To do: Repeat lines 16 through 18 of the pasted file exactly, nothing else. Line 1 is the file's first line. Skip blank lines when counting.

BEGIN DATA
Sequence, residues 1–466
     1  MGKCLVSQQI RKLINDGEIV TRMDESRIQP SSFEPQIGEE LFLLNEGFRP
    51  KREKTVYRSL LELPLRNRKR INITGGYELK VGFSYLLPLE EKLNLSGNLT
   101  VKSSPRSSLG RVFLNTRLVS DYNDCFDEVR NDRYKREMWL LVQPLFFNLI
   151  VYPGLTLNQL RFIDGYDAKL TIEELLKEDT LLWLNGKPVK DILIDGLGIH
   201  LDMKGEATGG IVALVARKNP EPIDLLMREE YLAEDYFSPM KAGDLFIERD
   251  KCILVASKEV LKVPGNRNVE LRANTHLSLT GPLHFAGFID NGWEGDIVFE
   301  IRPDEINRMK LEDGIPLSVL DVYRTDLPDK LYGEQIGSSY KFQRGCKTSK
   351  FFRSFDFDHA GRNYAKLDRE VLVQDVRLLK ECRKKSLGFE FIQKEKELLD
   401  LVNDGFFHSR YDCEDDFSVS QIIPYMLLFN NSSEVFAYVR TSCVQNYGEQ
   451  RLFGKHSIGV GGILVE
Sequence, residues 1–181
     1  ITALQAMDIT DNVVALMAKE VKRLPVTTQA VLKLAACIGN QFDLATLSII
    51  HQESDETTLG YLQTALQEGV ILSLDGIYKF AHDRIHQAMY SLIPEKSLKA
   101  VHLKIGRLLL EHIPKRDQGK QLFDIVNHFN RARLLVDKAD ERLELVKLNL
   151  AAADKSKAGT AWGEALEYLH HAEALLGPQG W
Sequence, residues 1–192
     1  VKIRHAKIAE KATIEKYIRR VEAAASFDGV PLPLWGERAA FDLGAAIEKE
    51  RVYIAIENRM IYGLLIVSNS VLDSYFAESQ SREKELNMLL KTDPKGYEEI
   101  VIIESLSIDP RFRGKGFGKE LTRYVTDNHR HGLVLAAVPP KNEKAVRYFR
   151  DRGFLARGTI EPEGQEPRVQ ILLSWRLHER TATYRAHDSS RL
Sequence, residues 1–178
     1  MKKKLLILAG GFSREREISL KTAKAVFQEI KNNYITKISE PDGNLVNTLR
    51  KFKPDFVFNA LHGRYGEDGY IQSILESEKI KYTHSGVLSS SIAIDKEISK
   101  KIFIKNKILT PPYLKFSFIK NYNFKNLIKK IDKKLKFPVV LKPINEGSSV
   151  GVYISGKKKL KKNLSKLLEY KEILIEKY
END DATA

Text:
   151  AAADKSKAGT AWGEALEYLH HAEALLGPQG W
Sequence, residues 1–192
     1  VKIRHAKIAE KATIEKYIRR VEAAASFDGV PLPLWGERAA FDLGAAIEKE